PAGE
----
The Maxx: Maxximized #3 Review


What will Maxx get up to next? Read on to find out.

The official description from IDW:

Maxx is confronted by Mr. Gone in the outback, and spills vital clues about how he became the Maxx. Meanwhile, outback Julie retreats to her rock lair and begins the slow process of healing. Completely remastered—each page has been painstakingly scanned from the original art by Sam Kieth, who is also overseeing the new coloring. This is The Maxx better than ever!

Maxx Maxximized #3Now there have been a few re-releases over the years, and in general they’re usually met with great praise (especially if the original series was a success). I however never got the chance to read Maxx before and having read this issue I’m glad I’ve finally gotten to as it’s simply amazing.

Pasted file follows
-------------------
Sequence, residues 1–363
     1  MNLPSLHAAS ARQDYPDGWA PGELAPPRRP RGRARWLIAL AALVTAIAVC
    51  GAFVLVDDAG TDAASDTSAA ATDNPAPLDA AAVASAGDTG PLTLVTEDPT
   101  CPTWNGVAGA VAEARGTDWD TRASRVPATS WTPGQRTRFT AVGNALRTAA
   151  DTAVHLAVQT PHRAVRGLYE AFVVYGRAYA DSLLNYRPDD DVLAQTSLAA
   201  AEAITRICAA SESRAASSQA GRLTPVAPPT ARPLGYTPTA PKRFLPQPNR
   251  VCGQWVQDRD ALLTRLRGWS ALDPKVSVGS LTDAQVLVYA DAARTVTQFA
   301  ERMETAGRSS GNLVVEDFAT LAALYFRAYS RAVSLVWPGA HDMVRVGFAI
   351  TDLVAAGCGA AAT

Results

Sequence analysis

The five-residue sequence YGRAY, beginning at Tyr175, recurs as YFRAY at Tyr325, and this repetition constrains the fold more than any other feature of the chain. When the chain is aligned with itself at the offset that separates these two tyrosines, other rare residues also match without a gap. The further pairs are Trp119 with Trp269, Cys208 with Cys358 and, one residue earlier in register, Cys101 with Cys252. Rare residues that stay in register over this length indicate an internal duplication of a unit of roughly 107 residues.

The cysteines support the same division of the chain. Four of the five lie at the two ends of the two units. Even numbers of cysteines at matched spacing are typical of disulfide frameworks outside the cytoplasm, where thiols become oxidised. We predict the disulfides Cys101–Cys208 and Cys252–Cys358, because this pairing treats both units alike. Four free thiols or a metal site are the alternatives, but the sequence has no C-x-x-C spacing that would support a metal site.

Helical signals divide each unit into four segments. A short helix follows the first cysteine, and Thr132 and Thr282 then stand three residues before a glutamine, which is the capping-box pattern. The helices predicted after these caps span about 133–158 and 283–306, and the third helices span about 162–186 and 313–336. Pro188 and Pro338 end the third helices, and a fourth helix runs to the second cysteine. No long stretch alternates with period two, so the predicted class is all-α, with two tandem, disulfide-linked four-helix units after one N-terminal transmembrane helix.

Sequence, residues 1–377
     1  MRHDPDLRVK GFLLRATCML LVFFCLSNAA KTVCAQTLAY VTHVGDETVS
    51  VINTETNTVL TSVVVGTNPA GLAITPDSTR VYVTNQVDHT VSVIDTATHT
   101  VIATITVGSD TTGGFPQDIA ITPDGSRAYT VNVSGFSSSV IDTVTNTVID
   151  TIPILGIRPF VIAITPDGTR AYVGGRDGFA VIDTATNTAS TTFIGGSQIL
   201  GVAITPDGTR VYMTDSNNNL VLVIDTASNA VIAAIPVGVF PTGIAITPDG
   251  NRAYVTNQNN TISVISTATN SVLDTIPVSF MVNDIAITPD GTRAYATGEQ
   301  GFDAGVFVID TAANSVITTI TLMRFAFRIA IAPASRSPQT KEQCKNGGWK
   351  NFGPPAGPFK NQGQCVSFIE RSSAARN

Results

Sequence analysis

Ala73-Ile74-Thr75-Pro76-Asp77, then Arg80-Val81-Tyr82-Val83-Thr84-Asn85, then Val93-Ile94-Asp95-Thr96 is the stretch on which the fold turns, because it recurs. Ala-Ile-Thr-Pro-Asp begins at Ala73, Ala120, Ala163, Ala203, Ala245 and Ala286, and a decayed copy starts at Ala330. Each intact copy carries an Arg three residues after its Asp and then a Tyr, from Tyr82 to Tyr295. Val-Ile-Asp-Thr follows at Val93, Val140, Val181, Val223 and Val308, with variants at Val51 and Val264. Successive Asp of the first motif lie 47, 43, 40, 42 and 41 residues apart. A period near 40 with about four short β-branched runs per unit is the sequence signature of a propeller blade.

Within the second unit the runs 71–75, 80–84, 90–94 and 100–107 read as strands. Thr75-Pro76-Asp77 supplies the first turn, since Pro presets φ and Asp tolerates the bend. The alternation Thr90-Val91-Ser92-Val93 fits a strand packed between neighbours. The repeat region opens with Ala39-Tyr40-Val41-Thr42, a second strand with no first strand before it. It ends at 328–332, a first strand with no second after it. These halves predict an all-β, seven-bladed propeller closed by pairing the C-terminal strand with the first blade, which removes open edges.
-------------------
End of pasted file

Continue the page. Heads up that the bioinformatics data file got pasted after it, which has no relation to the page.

Sam Kieth and William Messner-Loebs did a wonderful job with this issue, giving a very unique and interesting tale. The way that they developed the story throughout this issue was also simply outstanding, as it gave fantastic mystery and suspense. The best part however had to be the amazing narration and dialogue, as the former gave a lot of energy to the story. Besides all this the story also flowed very smoothly with it’s progression having a very natural feel to it.

Now I’ve never really been the biggest fan on Sam Kieth’s artwork, as even though his work on Batman has gotten a lot of praise it isn’t to my taste. I do however feel that this kind of story with creatures like Maxx suit Kieth’s art style perfectly, with his unique wacky look making the creatures stand out more. I also loved the overall layout of Kieth’s artwork as it added a lot of tone to the issue. The colours from Ronda Pattison also suited the style of the story, adding a lot of vibrancy to Kieth’s art.

Overall this is a great tale and I am happy to have finally read a tale featuring the Maxx. I imagine it will bring some brilliant memories to long time fans as well as create a few more. It’s done the latter to this Fanboy who highly recommends it.



S#!T Talking Central